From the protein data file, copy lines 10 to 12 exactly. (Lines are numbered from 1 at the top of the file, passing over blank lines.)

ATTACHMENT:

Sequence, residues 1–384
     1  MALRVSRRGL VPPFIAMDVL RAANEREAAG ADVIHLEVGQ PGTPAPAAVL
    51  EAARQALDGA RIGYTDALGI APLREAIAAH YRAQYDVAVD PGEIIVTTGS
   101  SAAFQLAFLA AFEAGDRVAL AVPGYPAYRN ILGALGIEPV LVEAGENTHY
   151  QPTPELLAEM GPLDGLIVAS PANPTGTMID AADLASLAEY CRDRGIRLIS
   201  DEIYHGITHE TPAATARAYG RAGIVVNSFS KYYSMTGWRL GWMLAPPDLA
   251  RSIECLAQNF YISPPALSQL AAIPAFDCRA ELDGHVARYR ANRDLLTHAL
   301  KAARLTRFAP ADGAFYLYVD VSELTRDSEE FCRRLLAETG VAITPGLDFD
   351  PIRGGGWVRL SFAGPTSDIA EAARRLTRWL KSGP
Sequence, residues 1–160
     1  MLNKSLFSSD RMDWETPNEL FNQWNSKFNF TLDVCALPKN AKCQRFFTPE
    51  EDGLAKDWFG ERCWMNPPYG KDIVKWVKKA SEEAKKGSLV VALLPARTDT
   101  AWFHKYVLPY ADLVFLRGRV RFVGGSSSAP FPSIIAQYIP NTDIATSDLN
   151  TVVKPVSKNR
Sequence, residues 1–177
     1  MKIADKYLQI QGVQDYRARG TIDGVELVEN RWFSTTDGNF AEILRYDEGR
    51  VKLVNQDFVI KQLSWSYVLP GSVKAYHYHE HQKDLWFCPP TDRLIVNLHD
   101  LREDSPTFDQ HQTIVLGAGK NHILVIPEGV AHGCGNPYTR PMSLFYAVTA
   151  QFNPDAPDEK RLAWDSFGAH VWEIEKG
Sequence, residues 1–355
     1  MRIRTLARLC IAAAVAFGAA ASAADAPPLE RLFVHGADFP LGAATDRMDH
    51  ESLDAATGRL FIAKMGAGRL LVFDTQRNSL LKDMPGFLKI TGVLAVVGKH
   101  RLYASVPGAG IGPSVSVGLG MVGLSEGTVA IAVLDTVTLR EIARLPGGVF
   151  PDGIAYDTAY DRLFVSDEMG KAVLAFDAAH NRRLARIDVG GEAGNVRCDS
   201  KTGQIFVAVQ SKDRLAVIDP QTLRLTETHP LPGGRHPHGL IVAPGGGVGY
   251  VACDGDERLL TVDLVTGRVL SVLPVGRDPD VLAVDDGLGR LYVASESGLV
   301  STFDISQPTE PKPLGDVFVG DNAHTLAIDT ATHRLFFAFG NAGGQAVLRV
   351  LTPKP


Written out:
Sequence, residues 1–160
     1  MLNKSLFSSD RMDWETPNEL FNQWNSKFNF TLDVCALPKN AKCQRFFTPE
    51  EDGLAKDWFG ERCWMNPPYG KDIVKWVKKA SEEAKKGSLV VALLPARTDT